right-to-left, vertical, horizontal, like an iris opening, swept out
like the hands of a clock, etc.
3. Dissolve: replaces every pixel with a mixture over time
of the two videos, gradually replacing the first by the second.
Most dissolves can be classified as two types: cross dissolve
and dither dissolve.
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Type I: Cross Dissolve
Every pixel is located gradually. It can be denoted by:
where A and B are the color 3-vectors for video A and
video B. Here,
is a transition function, which is often
linear:
Type II: Dither Dissolve
Determined by
, increasingly more and more pixels in
video A will abruptly (instead of gradually as in Type I)
change to video B.
• Fade-in and fade-out are special types of Type I dissolve:
video A or B is black (or white).
• Wipes are special forms of Type II dissolve in which
changing pixels follow a particular geometric pattern.
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Build-your-own-transition
Suppose we wish to build a special type of wipe which slides
one video out while another video slides in to replace it: a slide
(or push).
Suppose we wish to slide VideoL in from the left, and push
out VideoR.
Suppose that we have determined that pixels should come
from VideoL.
Then the x-position xL in the unmoving video should be xL =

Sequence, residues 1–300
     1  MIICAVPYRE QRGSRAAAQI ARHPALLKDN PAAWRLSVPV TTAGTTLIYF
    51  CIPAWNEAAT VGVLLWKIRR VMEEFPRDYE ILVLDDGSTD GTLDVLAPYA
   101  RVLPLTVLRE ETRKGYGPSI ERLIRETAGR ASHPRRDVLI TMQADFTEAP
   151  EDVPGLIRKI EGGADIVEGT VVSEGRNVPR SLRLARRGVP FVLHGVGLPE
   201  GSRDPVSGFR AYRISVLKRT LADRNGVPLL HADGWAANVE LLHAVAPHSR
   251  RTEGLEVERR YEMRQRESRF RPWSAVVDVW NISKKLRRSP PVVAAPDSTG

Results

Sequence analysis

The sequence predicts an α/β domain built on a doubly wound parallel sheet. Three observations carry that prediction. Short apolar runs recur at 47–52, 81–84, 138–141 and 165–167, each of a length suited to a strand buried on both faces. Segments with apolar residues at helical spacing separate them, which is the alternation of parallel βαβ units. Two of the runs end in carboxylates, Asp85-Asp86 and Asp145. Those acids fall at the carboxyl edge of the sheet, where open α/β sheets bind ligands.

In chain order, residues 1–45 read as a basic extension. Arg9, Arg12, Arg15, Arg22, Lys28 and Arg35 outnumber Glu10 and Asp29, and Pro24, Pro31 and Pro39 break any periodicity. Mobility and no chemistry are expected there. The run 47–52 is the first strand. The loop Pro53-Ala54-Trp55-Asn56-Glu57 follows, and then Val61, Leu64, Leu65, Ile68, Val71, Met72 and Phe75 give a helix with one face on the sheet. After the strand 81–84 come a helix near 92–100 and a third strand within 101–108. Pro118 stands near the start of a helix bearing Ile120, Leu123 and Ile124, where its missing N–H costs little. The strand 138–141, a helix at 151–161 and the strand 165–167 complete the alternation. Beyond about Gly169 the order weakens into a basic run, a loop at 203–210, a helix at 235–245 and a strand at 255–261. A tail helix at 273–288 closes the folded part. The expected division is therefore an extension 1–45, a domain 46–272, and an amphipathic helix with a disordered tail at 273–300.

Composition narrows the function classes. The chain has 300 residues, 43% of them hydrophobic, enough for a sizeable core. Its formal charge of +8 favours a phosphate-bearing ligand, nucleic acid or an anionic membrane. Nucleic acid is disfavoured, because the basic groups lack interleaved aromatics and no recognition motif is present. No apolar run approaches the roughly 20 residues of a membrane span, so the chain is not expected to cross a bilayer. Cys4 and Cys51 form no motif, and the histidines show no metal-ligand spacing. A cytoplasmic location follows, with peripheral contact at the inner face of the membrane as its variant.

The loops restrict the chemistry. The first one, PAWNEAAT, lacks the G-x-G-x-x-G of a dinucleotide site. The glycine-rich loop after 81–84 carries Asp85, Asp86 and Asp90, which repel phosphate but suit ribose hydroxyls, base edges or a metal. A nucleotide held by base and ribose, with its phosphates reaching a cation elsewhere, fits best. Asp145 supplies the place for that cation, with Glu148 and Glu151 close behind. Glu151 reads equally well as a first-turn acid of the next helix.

x+(xmax − xT ), where x is the position we are trying to fill in the
viewport, xT is the position in the viewport that the transition
boundary has reached, and xmax is the maximum pixel position
for any frame.
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Substituting the fact that the transition moves linearly with
time, xT = xmax(t/tmax), then we can write the pseudocode
solution to simulate the transition
Pseudocode for slide video transition
Automatic Authoring
Hypermedia documents: Generally, three steps:
1. Capture of media: From text or using an audio digitizer or
video frame-grabber; is highly developed and well
automated.
2. Authoring: How best to structure the data in order to
support multiple views of the available data, rather than a
single, static view.
3. Publication: i.e. Presentation, is the objective of the